Discover more about the topics and technologies to be discussed at this year's conference, via a series of exclusive interviews with a selection of our expert speakers
Uwe Müller, chief project manager for advanced engineering at Volvo Construction Equipment, discusses how the Electric Site project shows the way for electrification and automation of off-highway vehicles.
How close to commercial viability was the Electric Site project – both in terms of automation and electrification?
We are now examining the project results to see if the concept is viable for the industry. The Electric Site project will certainly feed our future product development plans, and you can expect to see elements of these machines influencing Volvo CE’s future offering. This decision about commercialization has not been taken yet and depends on several factors, like customer and market acceptance, technology maturity, but also legal demands. What we can say at this stage is that we believe in this concept, and together with early adopters we will continue our journey. Many of our development projects are currently done in close cooperation with customers, and we can only see this increasing in the future.
How did the project deal with the problem of keeping electric machines charged throughout the day?
The charging of heavy equipment is a challenge for sure. On average, battery energy density improves by 5-8% every year, as does cost reduction. However, with breakthroughs in new battery technologies, we can expect energy capacity to more than double. Thanks to research projects like Electric Site, electric power is being tried and tested, which allows us to explore the best options. The machines that were part of the Electric Site – the HX02 (autonomous battery-electric load carrier) and the LX1 (hybrid wheel loader) – use Li-ion batteries – the same ones that are fitted to Volvo hybrid buses. The EX1 machine, on the other hand, is cable-connected – it doesn’t have a battery. It can either be powered by the grid or by its diesel engine. As it was plugged in to the grid during testing, the engine was never used, and it was running in zero-emissions mode. For the HX2, two battery packs power two electric motors, which then drive the machine. The hydraulics are driven by an additional electric motor. We solved the charging issue by charging the machines with high-power charging (approximately 150kW) approximately one minute every cycle, with cycle times varying between 7-10 minutes.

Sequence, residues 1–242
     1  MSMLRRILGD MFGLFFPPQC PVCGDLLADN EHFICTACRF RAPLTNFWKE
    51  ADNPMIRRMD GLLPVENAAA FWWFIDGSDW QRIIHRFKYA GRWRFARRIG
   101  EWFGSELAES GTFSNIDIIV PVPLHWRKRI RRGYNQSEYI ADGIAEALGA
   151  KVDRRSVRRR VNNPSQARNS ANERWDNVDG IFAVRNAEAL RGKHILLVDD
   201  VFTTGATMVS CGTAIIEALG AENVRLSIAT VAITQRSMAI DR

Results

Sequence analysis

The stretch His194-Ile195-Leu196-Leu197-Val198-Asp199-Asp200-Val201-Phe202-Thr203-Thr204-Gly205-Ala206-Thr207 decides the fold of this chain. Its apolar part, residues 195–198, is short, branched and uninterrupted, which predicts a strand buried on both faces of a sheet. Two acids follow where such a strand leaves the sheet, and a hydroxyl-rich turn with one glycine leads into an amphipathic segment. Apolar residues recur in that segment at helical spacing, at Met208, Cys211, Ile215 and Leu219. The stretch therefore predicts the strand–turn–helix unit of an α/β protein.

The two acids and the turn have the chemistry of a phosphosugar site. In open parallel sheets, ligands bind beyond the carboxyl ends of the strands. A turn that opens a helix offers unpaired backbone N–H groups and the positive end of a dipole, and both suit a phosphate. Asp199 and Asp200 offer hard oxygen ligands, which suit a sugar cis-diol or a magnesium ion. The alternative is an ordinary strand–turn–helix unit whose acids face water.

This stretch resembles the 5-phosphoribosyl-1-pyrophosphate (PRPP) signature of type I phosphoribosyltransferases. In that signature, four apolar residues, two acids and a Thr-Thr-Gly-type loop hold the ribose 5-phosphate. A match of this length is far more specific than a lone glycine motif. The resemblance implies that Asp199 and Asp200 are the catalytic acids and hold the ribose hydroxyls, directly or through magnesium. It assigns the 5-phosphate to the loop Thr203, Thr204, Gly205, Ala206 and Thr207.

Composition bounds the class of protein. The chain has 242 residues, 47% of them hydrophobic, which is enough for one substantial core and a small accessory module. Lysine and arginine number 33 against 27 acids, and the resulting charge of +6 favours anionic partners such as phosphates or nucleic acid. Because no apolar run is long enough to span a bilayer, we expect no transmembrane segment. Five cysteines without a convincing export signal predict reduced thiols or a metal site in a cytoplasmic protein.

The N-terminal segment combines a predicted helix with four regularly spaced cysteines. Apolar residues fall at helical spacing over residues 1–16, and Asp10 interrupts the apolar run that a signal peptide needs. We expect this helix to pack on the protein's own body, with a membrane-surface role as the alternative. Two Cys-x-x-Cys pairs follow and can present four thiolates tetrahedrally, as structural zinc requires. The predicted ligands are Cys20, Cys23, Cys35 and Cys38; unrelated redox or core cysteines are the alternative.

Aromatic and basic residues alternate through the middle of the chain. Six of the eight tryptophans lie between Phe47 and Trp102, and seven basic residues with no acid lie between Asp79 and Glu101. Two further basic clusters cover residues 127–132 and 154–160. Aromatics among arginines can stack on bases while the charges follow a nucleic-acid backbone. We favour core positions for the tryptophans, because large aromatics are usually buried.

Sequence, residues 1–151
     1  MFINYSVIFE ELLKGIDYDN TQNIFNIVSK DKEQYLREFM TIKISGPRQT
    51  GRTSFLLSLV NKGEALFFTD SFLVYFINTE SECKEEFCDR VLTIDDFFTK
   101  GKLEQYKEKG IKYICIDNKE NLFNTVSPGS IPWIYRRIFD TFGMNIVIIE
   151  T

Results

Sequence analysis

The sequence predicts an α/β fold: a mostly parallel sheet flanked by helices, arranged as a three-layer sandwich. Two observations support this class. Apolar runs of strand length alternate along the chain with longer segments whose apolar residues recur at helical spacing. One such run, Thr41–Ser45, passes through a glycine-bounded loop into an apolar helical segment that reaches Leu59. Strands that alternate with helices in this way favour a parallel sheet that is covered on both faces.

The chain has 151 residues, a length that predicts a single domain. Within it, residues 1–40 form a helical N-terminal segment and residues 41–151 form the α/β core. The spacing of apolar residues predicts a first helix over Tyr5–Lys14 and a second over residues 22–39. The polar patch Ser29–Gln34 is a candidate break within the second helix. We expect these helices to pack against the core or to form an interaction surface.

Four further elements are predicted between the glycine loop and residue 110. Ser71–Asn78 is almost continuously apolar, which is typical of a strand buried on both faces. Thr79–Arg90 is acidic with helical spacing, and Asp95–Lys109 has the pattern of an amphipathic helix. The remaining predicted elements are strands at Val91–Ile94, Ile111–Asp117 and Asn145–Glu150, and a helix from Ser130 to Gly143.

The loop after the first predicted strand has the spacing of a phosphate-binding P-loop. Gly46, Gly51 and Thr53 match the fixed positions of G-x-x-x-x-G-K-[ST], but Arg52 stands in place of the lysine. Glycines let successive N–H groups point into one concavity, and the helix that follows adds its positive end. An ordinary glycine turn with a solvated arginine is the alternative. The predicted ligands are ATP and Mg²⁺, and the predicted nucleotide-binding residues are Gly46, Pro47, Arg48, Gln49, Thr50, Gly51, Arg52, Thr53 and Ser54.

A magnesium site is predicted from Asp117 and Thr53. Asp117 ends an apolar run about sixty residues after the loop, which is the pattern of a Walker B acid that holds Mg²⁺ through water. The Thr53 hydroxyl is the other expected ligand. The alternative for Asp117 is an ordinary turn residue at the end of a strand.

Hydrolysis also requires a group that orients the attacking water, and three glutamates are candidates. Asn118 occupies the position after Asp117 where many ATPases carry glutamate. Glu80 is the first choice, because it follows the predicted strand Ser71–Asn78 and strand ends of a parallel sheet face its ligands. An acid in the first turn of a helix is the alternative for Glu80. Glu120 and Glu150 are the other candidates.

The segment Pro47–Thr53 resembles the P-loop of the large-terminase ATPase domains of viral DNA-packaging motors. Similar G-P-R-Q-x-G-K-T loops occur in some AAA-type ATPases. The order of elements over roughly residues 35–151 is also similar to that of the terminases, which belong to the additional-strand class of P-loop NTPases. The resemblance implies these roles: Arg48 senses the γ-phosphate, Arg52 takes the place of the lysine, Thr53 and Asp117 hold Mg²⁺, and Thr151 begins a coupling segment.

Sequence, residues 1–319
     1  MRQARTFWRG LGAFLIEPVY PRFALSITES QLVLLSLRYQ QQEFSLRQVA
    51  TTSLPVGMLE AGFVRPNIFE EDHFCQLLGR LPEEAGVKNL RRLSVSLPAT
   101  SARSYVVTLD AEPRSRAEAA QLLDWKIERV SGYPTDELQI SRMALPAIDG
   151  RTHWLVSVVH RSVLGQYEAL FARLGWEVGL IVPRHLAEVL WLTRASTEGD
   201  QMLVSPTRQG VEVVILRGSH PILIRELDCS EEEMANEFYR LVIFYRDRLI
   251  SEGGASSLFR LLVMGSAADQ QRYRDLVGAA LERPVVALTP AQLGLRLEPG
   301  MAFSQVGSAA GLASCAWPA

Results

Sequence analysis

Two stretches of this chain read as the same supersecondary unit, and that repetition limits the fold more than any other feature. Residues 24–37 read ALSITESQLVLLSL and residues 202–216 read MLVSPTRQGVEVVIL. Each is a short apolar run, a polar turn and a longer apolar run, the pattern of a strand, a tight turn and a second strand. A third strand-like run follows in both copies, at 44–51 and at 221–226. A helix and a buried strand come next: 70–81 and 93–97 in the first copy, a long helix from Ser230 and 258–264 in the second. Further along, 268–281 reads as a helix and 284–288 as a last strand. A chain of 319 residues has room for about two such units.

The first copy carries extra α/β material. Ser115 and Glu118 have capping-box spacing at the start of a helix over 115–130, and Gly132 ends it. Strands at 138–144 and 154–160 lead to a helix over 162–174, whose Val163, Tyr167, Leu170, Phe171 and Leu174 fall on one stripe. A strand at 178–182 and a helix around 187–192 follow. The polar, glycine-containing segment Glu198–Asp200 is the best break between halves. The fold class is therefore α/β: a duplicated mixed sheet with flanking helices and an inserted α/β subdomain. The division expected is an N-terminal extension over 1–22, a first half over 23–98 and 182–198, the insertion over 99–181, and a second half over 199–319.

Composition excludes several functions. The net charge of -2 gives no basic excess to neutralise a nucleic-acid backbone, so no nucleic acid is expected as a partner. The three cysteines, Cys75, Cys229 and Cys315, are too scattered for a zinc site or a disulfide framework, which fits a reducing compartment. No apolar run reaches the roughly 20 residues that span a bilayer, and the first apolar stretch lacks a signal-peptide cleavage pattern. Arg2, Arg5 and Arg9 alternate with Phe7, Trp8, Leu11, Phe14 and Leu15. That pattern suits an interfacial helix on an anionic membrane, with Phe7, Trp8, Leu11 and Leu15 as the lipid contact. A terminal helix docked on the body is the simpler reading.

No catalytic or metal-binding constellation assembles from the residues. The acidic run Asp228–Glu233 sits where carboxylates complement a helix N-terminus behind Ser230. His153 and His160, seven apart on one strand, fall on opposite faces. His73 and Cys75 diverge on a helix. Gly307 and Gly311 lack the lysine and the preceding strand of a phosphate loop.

How will it influence current and future Volvo CE products?
The Electric Site project will feed our future product development plans, and you can expect to see elements of these machines influencing Volvo CE’s future offering. The main purpose of the project is to have the possibility to show what we are working on in the early stages of development. In addition, demonstrating our way of thinking allows us to have discussions with many different stakeholders and customers in all kinds of different applications. These discussions will help set our future directions and partnerships.
Uwe Müller will give a presentation titled Electric Site: the future of quarries is electric as part of the Electric & Hybrid Industrial Vehicle Technology Conference. Click here to book your delegate pass, which gives you access to all four conferences. For more on the Electric Site project, watch the video below.